Ground English Ivy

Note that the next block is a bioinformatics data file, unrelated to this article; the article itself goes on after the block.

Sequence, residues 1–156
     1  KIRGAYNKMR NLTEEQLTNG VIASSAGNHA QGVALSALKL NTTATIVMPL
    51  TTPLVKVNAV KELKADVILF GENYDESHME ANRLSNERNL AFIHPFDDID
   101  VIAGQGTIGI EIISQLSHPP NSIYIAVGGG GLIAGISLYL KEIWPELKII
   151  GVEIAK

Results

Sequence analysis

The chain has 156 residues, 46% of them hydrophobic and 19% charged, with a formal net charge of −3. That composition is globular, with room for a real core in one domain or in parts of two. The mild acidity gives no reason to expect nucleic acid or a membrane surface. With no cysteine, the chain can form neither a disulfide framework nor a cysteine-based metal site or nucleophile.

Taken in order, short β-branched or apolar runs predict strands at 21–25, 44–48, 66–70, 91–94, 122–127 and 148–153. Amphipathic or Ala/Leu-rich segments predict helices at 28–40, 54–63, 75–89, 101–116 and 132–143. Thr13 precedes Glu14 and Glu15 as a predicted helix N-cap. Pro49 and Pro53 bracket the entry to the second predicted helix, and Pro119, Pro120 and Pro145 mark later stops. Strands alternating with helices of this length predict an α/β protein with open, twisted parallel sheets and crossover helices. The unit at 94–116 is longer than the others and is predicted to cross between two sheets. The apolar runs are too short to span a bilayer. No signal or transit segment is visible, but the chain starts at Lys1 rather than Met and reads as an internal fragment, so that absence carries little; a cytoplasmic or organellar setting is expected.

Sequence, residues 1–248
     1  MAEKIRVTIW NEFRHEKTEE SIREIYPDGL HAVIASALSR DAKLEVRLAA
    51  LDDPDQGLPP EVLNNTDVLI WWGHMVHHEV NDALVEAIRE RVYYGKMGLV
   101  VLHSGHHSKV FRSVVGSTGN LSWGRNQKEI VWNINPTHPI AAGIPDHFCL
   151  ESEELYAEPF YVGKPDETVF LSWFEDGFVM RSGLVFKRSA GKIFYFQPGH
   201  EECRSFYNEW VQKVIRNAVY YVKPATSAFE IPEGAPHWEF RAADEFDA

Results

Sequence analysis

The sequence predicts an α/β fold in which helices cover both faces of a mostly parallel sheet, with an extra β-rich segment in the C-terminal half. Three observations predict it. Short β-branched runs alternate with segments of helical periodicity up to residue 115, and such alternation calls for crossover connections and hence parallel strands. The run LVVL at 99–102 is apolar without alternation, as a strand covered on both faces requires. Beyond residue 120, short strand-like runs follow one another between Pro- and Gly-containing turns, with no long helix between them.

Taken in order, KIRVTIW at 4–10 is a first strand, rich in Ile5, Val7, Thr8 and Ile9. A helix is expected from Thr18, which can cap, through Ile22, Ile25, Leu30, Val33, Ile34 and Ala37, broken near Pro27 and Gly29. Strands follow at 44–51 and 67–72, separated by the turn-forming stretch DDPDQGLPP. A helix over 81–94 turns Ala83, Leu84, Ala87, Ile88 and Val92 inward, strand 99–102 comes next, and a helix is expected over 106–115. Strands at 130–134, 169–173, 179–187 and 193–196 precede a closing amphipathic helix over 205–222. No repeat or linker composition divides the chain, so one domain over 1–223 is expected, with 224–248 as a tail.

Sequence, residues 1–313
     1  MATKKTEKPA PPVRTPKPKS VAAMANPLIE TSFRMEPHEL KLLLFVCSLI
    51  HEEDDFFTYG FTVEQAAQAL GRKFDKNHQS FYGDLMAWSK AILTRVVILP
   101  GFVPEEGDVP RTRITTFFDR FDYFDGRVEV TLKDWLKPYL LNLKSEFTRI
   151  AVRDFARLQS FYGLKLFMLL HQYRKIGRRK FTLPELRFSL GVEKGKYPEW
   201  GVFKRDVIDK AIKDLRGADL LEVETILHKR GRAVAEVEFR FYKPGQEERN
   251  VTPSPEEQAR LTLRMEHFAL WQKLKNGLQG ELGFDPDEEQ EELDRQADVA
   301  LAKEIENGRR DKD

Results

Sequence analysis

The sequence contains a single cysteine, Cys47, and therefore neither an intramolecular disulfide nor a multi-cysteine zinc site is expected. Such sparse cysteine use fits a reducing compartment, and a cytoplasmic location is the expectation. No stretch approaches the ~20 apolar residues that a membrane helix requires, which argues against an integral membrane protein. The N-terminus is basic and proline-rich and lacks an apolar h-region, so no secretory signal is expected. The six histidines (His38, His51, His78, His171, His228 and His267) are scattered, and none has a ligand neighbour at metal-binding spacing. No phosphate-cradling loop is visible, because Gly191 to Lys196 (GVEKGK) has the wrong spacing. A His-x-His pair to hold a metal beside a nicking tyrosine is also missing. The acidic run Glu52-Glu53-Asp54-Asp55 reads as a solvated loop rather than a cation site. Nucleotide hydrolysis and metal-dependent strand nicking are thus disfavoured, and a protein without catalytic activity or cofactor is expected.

Hedera helix, commonly known as English ivy, is a vigorous, aggressive, fast-growing, woody evergreen perennial that is primarily grown as a climbing vine or trailing ground cover. As a climbing vine, it may over time grow upwards to 50-100' in height. As a ground cover, it typically grows to 6-9" tall but spreads over time to 50-100'. English ivy grows in two forms or stages: (1) juvenile stage is the climbing/spreading stage (most often seen) in which plants produces thick, 3-5 lobed, dark green leaves (to 4” long ) on non-flowering stems with adventitious roots, and (2) adult stage is the shrubby non-climbing stage in which lobeless, elliptic-ovate, dark green leaves appear on rootless stems that do not spread or climb, but do produce round, umbrella-like clusters of greenish-white flowers in early fall followed by blue-black berries. Native to Europe, English ivy was brought to the U. S. by settlers in colonial days. It has been and continues to be widely sold in the U. S. as an ornamental plant. It has escaped gardens and naturalized in a large number of eastern, midwestern and pacific coast states. In some climates such as in the Pacific Northwest, it is considered by some to be an invasive invader of woodland and open areas where it often aggressively displaces native vegetation by densely smothering large areas of ground with its trailing densely-leaved stems or by climbing into tree canopies via clinging aerial rootlets.